Tag Archives: Constantinople

Jew of the Week: Don Joseph Nasi

Prince of Europe

NasiDon Joseph Nasi (1524-1579) I’m not sure why they haven’t made a movie about this man yet, but they should. His story is quite fascinating. In a nutshell, he was the head of a banking empire, the Duke of Naxos, the Count of Andros, and the Lord of Tiberias. He actively sought a national homeland for the Jews, initially hoping for Cyprus, later receiving a grant from the Ottomans to start settling Israel. He single-handedly triggered a war between Turkey and Venice, sparked the Dutch uprising against Spain and brokered a peace treaty with Poland. At one point, he went by the secret name Juan Miguel to escape the inquisition. He monopolized the wine industry in Moldavia and the beeswax industry in Poland, financed the Yeshiva of Constantinople (today’s Istanbul), established a printing press for Jewish texts and maintained a vast library in his house to be used freely by Torah scholars. For his foundational work in seeking to establish an independent Jewish state in the Holy Land all the way back in the 16th century, he has been called the first real “proto-Zionist”.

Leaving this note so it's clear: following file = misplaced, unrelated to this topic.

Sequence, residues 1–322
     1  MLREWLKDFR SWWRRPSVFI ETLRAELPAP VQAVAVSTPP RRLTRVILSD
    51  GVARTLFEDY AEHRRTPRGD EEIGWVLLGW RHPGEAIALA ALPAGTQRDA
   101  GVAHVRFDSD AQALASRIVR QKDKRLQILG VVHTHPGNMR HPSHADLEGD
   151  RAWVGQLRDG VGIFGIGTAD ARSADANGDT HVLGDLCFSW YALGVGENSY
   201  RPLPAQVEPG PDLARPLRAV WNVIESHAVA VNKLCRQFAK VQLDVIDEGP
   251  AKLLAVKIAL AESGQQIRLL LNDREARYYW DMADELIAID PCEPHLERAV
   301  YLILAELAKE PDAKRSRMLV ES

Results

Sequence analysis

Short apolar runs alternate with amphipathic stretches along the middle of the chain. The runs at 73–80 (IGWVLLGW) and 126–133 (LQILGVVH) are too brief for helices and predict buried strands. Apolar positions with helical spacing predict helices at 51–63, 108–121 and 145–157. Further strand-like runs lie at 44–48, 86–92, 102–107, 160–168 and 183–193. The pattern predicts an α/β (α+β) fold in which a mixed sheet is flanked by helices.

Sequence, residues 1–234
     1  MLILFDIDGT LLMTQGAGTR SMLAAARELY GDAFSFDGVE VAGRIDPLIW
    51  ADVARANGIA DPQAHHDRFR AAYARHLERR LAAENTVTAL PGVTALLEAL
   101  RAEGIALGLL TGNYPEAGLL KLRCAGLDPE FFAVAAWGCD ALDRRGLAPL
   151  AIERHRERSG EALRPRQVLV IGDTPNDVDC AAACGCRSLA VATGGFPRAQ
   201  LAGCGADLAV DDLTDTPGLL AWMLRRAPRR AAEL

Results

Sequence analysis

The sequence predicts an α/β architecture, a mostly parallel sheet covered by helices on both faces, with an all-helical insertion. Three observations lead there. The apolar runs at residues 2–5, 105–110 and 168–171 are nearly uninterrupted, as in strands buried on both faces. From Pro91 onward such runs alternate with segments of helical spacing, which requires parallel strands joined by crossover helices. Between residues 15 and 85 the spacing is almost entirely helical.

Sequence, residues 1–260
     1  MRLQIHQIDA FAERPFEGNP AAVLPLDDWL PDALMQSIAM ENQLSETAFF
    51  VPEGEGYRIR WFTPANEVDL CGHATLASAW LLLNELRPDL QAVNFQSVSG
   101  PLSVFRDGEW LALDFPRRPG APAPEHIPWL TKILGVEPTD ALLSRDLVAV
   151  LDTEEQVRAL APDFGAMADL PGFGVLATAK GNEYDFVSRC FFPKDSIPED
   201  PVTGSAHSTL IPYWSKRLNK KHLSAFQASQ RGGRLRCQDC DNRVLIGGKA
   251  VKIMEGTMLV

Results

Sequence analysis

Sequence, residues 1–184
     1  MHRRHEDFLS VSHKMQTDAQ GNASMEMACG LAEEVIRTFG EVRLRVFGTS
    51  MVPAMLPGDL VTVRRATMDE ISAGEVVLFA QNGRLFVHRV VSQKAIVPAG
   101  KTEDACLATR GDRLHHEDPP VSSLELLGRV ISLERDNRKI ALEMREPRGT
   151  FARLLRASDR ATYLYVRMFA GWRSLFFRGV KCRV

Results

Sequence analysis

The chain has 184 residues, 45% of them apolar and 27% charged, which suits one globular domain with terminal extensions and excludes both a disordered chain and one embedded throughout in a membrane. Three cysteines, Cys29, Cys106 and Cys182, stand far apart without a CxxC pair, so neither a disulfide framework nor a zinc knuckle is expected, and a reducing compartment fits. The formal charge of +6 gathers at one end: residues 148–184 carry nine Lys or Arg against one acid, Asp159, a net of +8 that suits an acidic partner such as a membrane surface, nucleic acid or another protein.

Constantinople (Modern Instanbul) – where Don Nasi financed the Yeshiva

Words of the Week

The entire people of Israel comprise a single soul; only the bodies are separate
Rabbi Schneur Zalman of Liadi, the Alter Rebbe (Tanya, ch. 32)